The Tunisian exhibition is more complete than the previous ones; but the products it exhibits are very similar in kind to those we have just seen.
Let us say however that the exhibition opens in an interesting way. First of all, in class 7, which deals with secondary education, we find a notice on the Sadicki College, and also works by its students.
In the same class we find the catalogue of the library of the mosque of Djema-Zitoun.
The photograph reproduces views of the antiquities of Tunisia, including the Roman aqueduct that supplied Carthage.
Let us pass the furniture and the potteries, and arrive at the tapestries; there are some admirable ones; the bey of Tunis, in particular, exhibited splendid carpets of Kaïrouan.
The bey of Tunis, in particular, has exhibited splendid carpets from Kairouan. These oriental carpets are truly marvellously beautiful.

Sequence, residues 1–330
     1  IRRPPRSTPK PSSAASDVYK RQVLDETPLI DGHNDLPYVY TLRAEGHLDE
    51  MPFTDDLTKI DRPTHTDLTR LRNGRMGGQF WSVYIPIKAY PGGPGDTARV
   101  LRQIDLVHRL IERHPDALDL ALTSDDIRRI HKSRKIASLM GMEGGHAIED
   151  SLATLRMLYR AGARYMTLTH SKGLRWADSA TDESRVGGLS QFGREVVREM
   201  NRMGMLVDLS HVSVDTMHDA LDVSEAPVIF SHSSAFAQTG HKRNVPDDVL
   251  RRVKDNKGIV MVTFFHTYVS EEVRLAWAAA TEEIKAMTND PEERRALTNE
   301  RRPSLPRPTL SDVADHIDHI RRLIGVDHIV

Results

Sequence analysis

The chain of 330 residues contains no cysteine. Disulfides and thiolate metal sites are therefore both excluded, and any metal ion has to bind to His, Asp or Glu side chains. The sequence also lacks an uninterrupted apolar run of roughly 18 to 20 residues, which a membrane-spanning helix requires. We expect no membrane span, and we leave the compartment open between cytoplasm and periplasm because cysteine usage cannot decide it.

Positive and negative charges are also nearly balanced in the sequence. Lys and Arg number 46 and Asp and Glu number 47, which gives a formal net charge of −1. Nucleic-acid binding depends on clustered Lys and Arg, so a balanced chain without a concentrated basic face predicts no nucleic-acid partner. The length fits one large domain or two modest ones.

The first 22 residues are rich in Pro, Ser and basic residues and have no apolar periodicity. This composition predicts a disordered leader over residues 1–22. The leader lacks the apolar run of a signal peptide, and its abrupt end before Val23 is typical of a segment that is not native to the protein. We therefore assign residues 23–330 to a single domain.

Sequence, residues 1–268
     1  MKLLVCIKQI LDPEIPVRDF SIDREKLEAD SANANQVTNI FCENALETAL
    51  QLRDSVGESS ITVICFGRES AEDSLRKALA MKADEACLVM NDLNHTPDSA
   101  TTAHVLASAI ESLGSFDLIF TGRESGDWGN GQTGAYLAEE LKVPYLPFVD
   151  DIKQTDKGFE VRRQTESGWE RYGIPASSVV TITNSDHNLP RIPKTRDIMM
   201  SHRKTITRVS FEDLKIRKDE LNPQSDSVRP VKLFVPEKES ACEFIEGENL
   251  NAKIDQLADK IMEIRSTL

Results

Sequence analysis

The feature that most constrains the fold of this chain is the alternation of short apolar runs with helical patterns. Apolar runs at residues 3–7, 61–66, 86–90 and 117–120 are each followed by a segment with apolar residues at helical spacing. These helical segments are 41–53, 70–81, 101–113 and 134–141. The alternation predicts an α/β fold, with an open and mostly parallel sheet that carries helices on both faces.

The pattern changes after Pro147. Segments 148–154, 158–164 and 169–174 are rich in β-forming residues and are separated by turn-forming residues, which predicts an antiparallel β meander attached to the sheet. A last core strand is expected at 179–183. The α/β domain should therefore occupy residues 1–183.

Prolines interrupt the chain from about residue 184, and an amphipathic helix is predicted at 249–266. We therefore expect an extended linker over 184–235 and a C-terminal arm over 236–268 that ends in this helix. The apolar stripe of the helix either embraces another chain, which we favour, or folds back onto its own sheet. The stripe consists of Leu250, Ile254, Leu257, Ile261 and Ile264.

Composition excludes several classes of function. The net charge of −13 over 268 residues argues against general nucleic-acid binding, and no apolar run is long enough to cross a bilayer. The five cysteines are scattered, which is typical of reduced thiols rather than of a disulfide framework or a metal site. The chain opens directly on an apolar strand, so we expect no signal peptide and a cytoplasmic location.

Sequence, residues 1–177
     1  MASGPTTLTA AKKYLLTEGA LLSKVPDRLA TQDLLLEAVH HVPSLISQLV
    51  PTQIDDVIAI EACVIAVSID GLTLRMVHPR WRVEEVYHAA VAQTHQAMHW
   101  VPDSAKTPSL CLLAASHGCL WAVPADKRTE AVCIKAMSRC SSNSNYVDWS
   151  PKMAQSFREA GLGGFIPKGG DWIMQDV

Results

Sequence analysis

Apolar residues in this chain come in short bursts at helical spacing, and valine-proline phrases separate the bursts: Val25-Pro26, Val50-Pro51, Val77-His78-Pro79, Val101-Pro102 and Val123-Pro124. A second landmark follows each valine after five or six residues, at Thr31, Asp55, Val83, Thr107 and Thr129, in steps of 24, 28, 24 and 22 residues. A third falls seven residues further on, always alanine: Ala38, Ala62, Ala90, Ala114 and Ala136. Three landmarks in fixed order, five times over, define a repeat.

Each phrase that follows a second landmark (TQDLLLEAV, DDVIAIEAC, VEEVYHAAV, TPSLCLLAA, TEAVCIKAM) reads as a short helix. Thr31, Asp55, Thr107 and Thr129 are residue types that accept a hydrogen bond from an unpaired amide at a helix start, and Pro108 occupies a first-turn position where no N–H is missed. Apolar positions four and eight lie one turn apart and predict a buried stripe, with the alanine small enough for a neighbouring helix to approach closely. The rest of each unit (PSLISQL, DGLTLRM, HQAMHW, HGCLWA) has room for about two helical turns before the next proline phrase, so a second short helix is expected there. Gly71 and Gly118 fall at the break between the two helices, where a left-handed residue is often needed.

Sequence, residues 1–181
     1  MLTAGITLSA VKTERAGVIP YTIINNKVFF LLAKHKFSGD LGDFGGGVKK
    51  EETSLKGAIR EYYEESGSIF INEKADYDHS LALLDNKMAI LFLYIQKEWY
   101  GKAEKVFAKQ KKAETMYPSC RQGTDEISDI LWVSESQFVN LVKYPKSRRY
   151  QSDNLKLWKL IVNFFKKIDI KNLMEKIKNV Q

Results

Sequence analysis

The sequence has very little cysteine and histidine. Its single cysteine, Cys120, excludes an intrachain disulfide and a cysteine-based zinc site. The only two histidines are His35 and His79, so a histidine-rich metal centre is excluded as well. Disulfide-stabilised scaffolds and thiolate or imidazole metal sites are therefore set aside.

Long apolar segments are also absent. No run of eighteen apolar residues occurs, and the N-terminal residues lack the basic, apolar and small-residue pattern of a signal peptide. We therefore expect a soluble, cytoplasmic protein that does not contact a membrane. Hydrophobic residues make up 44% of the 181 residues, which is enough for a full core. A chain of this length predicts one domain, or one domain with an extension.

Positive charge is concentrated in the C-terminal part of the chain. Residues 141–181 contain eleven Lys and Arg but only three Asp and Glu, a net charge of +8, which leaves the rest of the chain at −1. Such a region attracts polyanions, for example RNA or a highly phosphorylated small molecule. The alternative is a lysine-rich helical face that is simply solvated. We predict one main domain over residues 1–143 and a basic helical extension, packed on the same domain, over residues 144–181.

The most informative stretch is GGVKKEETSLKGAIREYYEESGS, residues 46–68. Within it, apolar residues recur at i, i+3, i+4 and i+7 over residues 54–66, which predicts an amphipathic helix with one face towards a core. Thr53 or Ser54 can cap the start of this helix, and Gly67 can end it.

Then come goldsmiths, perfumeries with their oils, their pastilles from the seraglio, their perfumes to be burned, and all that precious but too flashy bimbeloterie, which is the joy of the Orientals.
They are nothing but toiletries, small pieces of furniture, small boxes, pipe stems, all painted, decorated, inlaid with gold, silver, ivory, etc., etc.
The fabrics, for example, are of great beauty; the camel-hair burnous exhibited by the bey is also of great beauty.
The silks are out of line; we do not wish to disparage the laces, but we like them less.
As for the jewellery, however precious the stones, however rich the ornamentation, we will reproach them as we do the goldsmiths.
What we will admire frankly are the magnificent corals and ostrich feathers of class 43.
We can only mention the fruit and tobacco from the East; a mention, however, to the Arab beehive exhibited by the bey.
©Les Merveilles de l'Exposition de 1878